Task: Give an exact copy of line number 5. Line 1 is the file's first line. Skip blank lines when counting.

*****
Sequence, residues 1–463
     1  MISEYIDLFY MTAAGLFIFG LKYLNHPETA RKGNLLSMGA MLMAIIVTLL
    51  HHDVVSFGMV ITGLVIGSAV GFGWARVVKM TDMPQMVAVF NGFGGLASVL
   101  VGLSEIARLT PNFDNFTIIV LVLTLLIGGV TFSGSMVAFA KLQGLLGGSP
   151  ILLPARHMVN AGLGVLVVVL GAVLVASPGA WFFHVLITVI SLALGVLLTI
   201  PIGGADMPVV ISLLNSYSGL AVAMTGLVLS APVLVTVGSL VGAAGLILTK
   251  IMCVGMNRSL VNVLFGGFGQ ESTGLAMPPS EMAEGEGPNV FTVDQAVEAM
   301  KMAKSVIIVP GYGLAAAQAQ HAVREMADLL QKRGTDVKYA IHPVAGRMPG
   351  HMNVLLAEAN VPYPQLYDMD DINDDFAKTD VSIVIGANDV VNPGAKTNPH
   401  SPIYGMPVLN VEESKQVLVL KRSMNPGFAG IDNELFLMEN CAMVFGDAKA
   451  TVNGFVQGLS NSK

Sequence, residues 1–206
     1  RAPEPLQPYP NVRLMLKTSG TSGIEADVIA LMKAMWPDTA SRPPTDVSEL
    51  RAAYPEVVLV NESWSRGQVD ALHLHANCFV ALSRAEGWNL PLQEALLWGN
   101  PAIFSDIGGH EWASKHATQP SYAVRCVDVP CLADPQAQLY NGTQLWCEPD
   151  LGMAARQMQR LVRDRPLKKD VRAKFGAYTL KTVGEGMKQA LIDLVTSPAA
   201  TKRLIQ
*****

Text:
   151  ILLPARHMVN AGLGVLVVVL GAVLVASPGA WFFHVLITVI SLALGVLLTI